Gaining his wealth and status by means that were considered unseemly by polite society seems to have insulated Flynt from contracting its obnoxious social diseases. Prudishness was never an option. He could shout “Fuck this Court!” in a Supreme Court defamation case without damaging his image, and was free to taunt judges and nannying members of the public by wearing a diaper made of an American flag in another. The latter act was not a show of opposition to the country. Rather, in the style of the satirist, Flynt was asserting the nation’s hypocrisy and evolving shame by making himself into an illustration of it. He attacked repressive, power hungry Christians in this manner by briefly converting to evangelical Christianity and claiming he was “hustling for God,” and a run for the presidency on the Republican ticket in 1983 was a clear effort to bring the party’s rottenness to light by imposing his own dubious association on it. “One of your colleagues said on the floor that no decent member of Congress would accept Hustler,” Flynt said to legislators in an ad promoting his campaign. “That’s exactly why I sent it to you in the first place. You’re all a bunch of low-life, indecent, puke-infested maggots that should be hounded from office for being political, inept, quacks, spelled q-u-a-c-k-s. Fuck you, motherfuckers.”Flynt’s latest attempt at assassination-by-association came in April of this year, when he declared his approval of the South Carolina Republican representative, former governor and confirmed adulterer Mark Sanford. “No one has done more to expose the sexual hypocrisy of traditional values in America today,” Flynt said in a video statement. “His open embrace of his mistress in the name of love, breaking his sacred marriage vows, was an act of bravery that has drawn my support.”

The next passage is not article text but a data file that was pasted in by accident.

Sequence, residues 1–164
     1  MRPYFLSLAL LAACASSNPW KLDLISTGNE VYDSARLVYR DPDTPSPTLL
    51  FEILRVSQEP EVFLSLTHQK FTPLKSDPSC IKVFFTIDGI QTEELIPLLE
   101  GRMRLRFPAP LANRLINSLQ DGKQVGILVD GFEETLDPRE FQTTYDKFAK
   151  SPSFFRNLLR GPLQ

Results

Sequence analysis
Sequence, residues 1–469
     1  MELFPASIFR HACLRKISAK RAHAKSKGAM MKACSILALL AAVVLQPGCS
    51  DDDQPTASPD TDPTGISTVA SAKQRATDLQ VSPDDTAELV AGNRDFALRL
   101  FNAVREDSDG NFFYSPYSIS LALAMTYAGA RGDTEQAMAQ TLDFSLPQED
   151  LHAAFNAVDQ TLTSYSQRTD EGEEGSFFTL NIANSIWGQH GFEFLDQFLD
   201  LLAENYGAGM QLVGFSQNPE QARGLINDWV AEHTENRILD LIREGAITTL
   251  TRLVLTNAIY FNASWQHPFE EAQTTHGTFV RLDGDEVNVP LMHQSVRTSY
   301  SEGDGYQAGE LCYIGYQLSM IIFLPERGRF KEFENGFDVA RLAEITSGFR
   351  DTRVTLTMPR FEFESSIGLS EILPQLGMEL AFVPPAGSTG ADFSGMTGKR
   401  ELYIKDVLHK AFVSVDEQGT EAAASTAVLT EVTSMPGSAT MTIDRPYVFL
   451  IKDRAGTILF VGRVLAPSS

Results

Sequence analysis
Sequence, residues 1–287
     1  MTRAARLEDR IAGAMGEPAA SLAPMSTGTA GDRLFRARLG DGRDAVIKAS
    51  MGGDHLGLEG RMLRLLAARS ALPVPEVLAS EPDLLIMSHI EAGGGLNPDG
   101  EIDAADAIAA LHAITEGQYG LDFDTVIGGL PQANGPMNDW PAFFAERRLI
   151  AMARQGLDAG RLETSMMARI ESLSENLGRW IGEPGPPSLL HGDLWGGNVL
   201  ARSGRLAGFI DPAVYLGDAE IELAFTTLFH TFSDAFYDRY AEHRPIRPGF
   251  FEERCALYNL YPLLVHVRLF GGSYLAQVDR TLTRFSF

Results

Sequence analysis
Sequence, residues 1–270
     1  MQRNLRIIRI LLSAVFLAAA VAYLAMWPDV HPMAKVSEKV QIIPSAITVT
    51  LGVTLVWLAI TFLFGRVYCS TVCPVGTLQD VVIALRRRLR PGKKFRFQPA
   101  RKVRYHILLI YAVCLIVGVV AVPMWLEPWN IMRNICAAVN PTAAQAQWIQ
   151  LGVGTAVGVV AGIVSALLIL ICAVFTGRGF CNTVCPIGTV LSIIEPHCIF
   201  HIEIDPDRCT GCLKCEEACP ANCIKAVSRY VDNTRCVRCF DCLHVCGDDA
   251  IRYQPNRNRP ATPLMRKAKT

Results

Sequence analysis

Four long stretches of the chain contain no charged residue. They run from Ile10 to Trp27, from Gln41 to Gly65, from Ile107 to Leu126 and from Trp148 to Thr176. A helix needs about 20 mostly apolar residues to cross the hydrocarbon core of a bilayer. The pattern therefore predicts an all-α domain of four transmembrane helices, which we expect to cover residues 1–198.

It is a mistake to think of Flynt primarily as a pornographer. More accurately, he is an actor of the sexual revolution who got rich honestly; he seems never to have misled the public about what he was doing, unlike so many of his opponents and detractors. In a world ruined by the misuse of money, he gives us a glimpse at some of the good a fortune can do. His injury means he has spent a great deal of his life in a personal prison of excruciating pain. But his acts reveal him as a man unbound. He is a hobgoblin of hypocrites, a champion of civil liberties, including same-sex marriage and gay rights, who, when he is physically able, employs for the benefit of the public the megaphone he acquired hawking pictures of naked girls. It is one of America’s many great misfortunes that his speaking voice is almost as damaged as the lower half of his body. The culture needs more like it. Nevertheless, he booms over his opponents when he writes against the unnecessary, state-sanctioned slaughter of the man who shot him. This and his other political acts do honor to the essential treasure that Christopher Hitchens, as he was dying of cancer, called “the most beautiful apposition of two of the simplest words in our language: the freedom of speech.”

As Truthdig Editor-in-Chief Robert Scheer wrote, Larry Flynt is “opposing the death penalty even when it applies to saving the life of the man who almost killed him and caused decades of very painful and debilitating suffering.” He does so because he knows it’s in his and everyone else’s best interest. For that sensible display of humanity, we honor Flynt as our Truthdigger of the Week.